By James B. Bartle
Bruce and Lorraine Barnes, owners of the Antique Toy Museum and Gift Shop, 2426 South Service Rd. East, Stanton, is set to close at the end of the business day on Nov. 1, pending any sale of the business.
The Barnes began the business with a museum on wheels with a tractor-trailer unit and then brought the business to Stanton for some 21 and a half years in the former Stuckey’s Restaurant. Prior to the museum, the Barnes operated a trucking and excavating business in St. Louis for 21 years before selling that business.
Why close the business or sell out?
“To be honest with you, my wife looked at me and said, ‘Bruce, all of our friends have either passed away or retired, it’s time,” said Bruce Barnes. “I have to agree with her, it’s time, and 21 years seems to be our magic number.”
The Antique Toy Museum opened in Stanton on May 10, 1987, with some real excitement. Barnes stated it wasn’t long after the museum opened that the former Windmill Restaurant caught fire.
“All I could think of when the mill caught fire was, there goes our business up in flames,” said Bruce Barnes. “Luckily, it didn’t get to our building.”
Barnes has been collecting toys for more than 45 years and the local business has been toured by millions and millions of people in over 21 years. A daily log book has been kept of every visitor to pass through the business.
“We’ve had people in here literally from all over the world,” said Barnes. “Route 66 and being on this historic roadway has made that happen.”
The Antique Toy Museum is located in a 40’x100’ facility complete with a two bedroom apartment and a tractor-trailer unit that was the first version of the historic museum.
“When we first started, we were sponsored by Mack trucks and we traveled to the Indianapolis Motor Speedway, a number of malls, convention centers and the Houston Astrodome showing our museum,” said Barnes.
The Antique Toy Museum is a travel down memory lane for all ages and truly brings out the child in every person that has visited. Many toys date back to the 1890s and up.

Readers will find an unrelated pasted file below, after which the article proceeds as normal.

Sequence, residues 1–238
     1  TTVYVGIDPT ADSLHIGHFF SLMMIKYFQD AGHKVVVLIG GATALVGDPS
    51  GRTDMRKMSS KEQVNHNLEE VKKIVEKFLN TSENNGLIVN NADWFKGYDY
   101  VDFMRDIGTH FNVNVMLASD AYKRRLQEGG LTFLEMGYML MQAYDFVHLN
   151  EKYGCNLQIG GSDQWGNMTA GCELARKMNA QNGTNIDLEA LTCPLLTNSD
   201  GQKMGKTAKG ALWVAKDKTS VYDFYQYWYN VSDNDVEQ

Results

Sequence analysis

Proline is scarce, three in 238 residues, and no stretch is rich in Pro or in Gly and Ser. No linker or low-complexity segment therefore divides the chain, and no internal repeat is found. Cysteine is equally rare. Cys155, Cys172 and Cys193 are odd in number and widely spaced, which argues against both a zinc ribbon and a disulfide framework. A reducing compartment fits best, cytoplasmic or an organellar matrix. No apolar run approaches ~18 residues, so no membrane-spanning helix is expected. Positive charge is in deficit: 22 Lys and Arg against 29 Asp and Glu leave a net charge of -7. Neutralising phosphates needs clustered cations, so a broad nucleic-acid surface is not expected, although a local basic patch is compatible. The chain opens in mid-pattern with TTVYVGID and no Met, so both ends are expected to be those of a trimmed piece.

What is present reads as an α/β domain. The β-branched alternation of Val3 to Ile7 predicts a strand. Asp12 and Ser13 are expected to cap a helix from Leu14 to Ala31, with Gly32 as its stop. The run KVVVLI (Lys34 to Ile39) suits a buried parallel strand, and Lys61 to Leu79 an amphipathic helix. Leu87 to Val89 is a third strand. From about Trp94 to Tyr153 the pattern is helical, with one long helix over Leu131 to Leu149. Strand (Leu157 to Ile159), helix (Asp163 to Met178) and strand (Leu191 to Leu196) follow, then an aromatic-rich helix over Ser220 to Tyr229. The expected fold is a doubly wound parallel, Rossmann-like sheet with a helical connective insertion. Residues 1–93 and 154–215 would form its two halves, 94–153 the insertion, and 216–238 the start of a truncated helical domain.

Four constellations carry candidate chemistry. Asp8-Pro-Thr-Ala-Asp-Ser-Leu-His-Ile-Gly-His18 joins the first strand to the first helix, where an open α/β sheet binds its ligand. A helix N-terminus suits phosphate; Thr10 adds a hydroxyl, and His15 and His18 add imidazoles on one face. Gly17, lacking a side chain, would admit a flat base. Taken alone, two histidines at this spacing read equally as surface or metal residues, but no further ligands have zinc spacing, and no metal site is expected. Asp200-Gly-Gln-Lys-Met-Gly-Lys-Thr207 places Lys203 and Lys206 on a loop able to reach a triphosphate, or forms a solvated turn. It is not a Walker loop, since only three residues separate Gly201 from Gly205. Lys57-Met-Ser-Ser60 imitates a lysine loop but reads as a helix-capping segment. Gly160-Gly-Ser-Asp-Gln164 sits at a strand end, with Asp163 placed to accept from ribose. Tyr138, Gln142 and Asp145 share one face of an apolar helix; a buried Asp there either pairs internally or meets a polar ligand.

Inside, you can find The Beetles in two different toy settings; a 1940 walnut stock double-barrel Daisy BB gun and one 1962 plastic stock version to which Bruce called double trouble for kids; a 1954 Superman collector doll; a rare 1930’s Lionel cookstove for children that would heat to 500 degrees; various antique trucks and cars; a number of other toys; and what Bruce calls the most pleasured item for visitors, a Mrs. Beasley doll.
“You know, there are toys in here valued at thousands of dollars and everyone raves about a doll that’s probably worth a $100 now, the Mrs. Beasley doll,” said Bruce Barnes. “You know, it’s been a lot of fun around here and, to be honest, toys are still a good investment.”
The business has been featured several times in the Independent News through the years as well as being published in the Post Dispatch, the former Globe Democrat and all St. Louis television stations.
When asked if he was going to miss the business when it closes or sells?
“I think that day will be just another day, but I will confess I have shed some tears over some of these toys, but I’ll get over it,” said Barnes.
The Antique Toy Museum is open one more weekend before it closes, possibly for good. It will be open Saturday and Sunday, Oct. 31 and Nov. 1.
“We have some people interested in purchasing the business, but there is nothing final at this point,’ said Barnes. “Anyone interested in purchasing the business may call me at 636-795-2727.”
Barnes looks forward to his farewell weekend this weekend and would like to welcome everyone to come down the memory lane of toys one more time before it closes.
Antique Toy Museum And Gift Shop Closed on Nov. 1
By James B. Bartle